“We encourage them to also get from private agencies. There a lot of private agencies providing security,” National Police (PNP) chief Director General Oscar Albayalde said in an interview over dzBB.
‘Hire security escorts from private agencies’
Emmanuel Tupas (The Philippine Star) - October 21, 2018 - 12:00am

MANILA, Philippines — With the expected influx of applicants seeking protection during the 2019 midterm elections, Philippine National Police (PNP) chief Director General Oscar Albayalde yesterday appealed to candidates to also look at private security agencies for their security detail.

Albayalde admitted that with a limited number of police officers, the PNP will not be able to secure all politicians, especially those running for posts in critical areas.

“We encourage them to also get from private agencies. There a lot of private agencies providing security,” he said in an interview over dzBB.

According to Albayalde, more than 10,000 police officers are securing politicians, judges, businessmen and other very important persons (VIPs). He said these law enforcers would be better off ridding the streets of criminals rather than guarding VIPs.

He made the statement after a municipal council candidate in San Antonio, Nueva Ecija was shot dead on Friday.

The victim, Allan Joson, 42, was standing a few meters from his house in Barangay Julo when a gunman on board a motorcycle shot him multiple times at around 4:25 p.m.

Chief Supt. Amador Corpus, Central Luzon police director, has ordered an investigation on Joson’s murder.

“We are looking into all angles to establish possible motives and we are exerting all means to get to the bottom of this unfortunate incident,” Corpus said in a statement.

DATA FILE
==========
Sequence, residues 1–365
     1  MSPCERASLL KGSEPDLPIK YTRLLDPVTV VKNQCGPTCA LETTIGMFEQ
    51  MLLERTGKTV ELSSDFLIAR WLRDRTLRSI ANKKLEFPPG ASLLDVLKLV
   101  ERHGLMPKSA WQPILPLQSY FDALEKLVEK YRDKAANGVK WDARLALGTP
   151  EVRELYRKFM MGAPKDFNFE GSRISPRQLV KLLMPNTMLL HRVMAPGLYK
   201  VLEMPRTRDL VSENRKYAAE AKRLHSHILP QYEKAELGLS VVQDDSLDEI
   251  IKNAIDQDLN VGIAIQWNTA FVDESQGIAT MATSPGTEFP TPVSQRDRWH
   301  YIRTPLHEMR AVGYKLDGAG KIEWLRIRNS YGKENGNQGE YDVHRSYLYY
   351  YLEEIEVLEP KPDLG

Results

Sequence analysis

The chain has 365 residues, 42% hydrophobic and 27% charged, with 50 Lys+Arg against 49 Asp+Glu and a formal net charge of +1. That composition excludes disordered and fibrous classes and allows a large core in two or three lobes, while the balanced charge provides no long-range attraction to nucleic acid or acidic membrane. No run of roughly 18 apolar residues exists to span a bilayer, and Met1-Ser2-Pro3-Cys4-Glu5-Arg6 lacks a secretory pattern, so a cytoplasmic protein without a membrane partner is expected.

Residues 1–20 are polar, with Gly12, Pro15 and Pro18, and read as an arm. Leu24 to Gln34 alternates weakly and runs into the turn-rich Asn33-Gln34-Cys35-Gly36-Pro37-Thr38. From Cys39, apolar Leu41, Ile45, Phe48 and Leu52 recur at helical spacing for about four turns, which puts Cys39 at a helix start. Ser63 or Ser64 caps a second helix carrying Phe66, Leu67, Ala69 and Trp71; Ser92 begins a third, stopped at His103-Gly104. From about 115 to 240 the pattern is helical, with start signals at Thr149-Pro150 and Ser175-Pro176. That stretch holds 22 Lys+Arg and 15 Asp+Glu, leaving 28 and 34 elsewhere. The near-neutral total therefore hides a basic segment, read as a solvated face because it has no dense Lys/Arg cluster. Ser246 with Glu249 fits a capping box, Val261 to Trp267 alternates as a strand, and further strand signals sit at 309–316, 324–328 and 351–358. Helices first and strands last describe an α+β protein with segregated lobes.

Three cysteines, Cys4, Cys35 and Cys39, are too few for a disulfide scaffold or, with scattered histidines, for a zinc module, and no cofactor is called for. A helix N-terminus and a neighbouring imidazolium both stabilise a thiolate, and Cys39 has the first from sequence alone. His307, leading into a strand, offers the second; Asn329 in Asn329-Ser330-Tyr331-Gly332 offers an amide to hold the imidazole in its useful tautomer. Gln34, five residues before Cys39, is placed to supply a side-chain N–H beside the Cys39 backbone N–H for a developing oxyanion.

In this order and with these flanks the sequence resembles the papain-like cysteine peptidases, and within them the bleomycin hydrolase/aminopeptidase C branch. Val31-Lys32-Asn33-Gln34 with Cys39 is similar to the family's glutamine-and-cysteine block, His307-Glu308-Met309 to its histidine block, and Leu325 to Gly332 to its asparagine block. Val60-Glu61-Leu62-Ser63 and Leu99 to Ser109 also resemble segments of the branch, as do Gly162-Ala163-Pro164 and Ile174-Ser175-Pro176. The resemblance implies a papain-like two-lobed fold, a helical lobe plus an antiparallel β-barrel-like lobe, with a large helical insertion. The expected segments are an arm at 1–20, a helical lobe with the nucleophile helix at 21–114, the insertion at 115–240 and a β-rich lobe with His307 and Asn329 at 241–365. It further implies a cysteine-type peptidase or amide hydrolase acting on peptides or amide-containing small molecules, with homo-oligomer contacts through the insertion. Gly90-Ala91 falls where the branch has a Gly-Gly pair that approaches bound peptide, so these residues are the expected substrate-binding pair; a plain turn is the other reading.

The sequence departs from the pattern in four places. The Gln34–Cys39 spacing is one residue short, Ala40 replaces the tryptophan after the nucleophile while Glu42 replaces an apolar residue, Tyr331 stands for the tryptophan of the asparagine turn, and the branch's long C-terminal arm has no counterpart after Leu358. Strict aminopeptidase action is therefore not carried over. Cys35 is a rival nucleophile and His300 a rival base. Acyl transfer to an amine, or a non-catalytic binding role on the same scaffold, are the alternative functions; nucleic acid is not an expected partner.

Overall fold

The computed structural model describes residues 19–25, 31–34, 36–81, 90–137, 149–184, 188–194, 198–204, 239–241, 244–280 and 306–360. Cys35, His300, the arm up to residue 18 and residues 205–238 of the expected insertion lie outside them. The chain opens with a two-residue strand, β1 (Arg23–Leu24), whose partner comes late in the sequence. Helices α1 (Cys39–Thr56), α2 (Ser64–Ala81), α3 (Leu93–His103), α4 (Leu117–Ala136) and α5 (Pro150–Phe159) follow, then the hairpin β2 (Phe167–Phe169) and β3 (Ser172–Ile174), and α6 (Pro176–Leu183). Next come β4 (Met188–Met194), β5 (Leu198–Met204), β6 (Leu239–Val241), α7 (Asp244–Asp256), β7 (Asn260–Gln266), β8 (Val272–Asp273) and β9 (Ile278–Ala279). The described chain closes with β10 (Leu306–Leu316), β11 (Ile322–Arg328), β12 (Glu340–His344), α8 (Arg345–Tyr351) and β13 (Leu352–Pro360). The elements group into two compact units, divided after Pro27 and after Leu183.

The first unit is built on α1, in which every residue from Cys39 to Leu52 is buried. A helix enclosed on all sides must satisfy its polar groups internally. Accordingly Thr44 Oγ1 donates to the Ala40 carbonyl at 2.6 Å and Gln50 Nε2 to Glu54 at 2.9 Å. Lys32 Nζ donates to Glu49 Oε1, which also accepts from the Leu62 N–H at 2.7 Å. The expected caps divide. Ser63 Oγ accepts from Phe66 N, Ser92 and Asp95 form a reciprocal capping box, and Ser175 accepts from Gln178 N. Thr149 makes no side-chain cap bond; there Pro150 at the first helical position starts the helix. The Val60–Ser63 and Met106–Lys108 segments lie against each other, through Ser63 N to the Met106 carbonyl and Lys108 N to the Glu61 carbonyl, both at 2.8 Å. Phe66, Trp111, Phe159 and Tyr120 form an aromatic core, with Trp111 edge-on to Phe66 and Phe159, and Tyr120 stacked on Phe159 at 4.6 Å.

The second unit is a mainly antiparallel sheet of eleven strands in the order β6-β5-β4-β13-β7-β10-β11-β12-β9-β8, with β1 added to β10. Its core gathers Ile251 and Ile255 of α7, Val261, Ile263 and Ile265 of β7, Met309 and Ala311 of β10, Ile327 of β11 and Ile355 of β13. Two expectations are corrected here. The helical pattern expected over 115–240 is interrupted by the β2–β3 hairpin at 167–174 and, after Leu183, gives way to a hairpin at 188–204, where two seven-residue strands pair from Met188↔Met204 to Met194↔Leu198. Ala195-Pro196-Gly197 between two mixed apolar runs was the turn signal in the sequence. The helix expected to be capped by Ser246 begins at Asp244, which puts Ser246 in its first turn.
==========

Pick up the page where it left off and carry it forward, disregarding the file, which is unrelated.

Albayalde also appealed to politicians not to give in to the demand of the New People’s Army for “permit to campaign” fees.

Albayalde said this was nothing more than extortion by communist rebels.

Voluntary drug testing

A day after he raised possible Constitutional violation if candidates will be subjected to mandatory drug testing, presidential spokesman Salvador Panelo recommended that those running for the midterm elections should volunteer to be tested.

Panelo, however, admitted that Malacañang has yet to review the recommendation of the Philippine Drug Enforcement Agency (PDEA) to subject senatorial and congressional candidates to mandatory drug testing.

Panelo said voluntary drug test can be plus points for bets who would present themselves to the people.

“Supreme Court has already pronounced, in the case of Social Justice Society v. Dangerous Drugs Board, that mandatory drug testing for senators is not allowed as it imposes additional qualifications beyond the provision of the Constitution,” Panelo said.

But Panelo said local elective officials or candidates for local positions may be subjected to drug tests based on Republic Act (RA) No. 9165 or the Comprehensive Dangerous Drugs Act of 2002.

“Said testing is permitted for local government candidates because (RA 9165) or the Comprehensive Dangerous Drugs (law) has validly amended the Local Government Code in so far as their qualifications and eligibility requirements are concerned,” Panelo said.

Regulating motorcades

The Metropolitan Manila Development Authority (MMDA) will enforce stricter regulations on motorcades during the campaign period for next year’s midterm polls.

Motorcades will be prohibited in main thoroughfares, especially on national, radial and circumferential roads because they will cause heavy traffic, said MMDA’s Task Force Special Operations commander Edison Nebrija in an interview over dzBB yesterday.

Nebrija also called on motorcycle riders joining such motorcades to wear proper gear and comply with RA 10054 or the Motorcycle Helmet law. – With Christina Mendez, Ghio Ong

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